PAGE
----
One of the first impacts offered by the series is the plane of the corridors that communicate the participants with the first test: seemingly infinite stairs where everyone seems to move in different directions. It is inevitable to remember mc Escher’s trompe l’oeil in works such as his ‘Relativity‘. The whole series shines at the same level: from the aesthetics of the tests (between the childish and the perverse) to some montages that are put in relation to all the characters (for example, with the contestants following the same ritual of getting into a car alone when they decide to return to the contest), through abundant symmetrical general planes or from unusual perspectives. Visually, the series continually surprises.
Its plot structure is out of what we already know by heart
If ‘The Squid Game’ were a Western series, you know what structure it would have: the characters enter the contest and we know what has led them there through very heavy flashbacks that do not interest us too much. But here the twist comes soon: the characters, of whom we still know nothing, vote to leave the contest… and they succeed. It is through this brief stay abroad that we not only know the history of each one in a different way from the usual narrative of the series, maintaining interest, but we also understand the reasons why they do not try to escape from such a dangerous environment.
The message is tremendously nonconformist
Another clear reference that we can put on the table when talking about ‘The Squid Game’ is the latest international success of Korean cinema: ‘Parasite’, a rabidly anti-capitalist (and at times anti-system) film that denounces with humor and grotesque caricature the painful situation faced by almost the entire human race, voluntarily taking on debt, stressful jobs and naïve abstract happiness as a goal that never quite ends. ‘The Squid Game’ tells exactly that (sharing, in addition, the composer of the soundtrack), but without sermons or fuss: the viewer understands perfectly why the system has caught the characters, why they are desperate to get out … and why the game that allows them to get out fast is also a trap. In addition, as a curiosity, ‘Parasites’ and ‘The Squid Game’ share the same soundtrack composer, Jung Jae-il.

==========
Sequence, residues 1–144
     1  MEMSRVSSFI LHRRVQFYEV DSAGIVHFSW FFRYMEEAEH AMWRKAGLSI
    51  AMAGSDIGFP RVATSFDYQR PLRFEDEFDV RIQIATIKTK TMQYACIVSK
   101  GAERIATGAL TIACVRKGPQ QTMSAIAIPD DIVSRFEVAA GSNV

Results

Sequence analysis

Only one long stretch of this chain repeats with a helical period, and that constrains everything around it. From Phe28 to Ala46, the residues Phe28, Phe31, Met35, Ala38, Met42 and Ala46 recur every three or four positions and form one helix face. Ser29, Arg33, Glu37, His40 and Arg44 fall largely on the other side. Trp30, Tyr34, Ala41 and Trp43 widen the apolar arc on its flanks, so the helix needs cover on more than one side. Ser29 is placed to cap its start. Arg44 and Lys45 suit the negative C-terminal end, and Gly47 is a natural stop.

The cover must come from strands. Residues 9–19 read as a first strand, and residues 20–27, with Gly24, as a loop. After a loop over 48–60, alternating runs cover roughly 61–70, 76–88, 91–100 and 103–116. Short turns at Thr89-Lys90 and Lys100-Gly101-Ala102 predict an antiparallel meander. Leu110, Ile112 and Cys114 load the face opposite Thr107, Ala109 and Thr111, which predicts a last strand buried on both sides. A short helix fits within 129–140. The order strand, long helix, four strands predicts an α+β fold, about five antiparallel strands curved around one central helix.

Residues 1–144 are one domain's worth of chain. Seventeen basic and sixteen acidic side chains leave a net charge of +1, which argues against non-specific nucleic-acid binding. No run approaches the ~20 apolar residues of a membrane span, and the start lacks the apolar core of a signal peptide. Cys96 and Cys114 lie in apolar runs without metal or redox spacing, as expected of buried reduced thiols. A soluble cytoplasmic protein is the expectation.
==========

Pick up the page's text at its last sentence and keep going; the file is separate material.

The extraordinary performances of the cast, often bordering on parody but without losing sight of the essential humanity of the characters, do much to communicate that message. Lee Jung-Jae and
Park Hae-so lead a group of losers who react with helplessness, rage, apathy, or even anesthetized good mood to an untenable situation, to the point that they agree to get into the wolf’s mouth (several times!) out of sheer desperation.
It is not cut in the slightest
And that is its great value, after all: when it fools with terror or fantasy, the series does so by transforming the aesthetics of the images. When subplots involving gore and violent savagery are at play, the images are unbearably shocking. Deaths are literally counted in the hundreds (and we see them all) and even the satirical comedy he flirts with is anything but shy.
‘The Squid Game’ is brave and insane and has conquered viewers around the world, simply because it does not take prisoners in its story and commits to it until the end. As Korean commercial cinema has been doing for decades, on the other hand, although that is a bandage that we will have to remove on another occasion.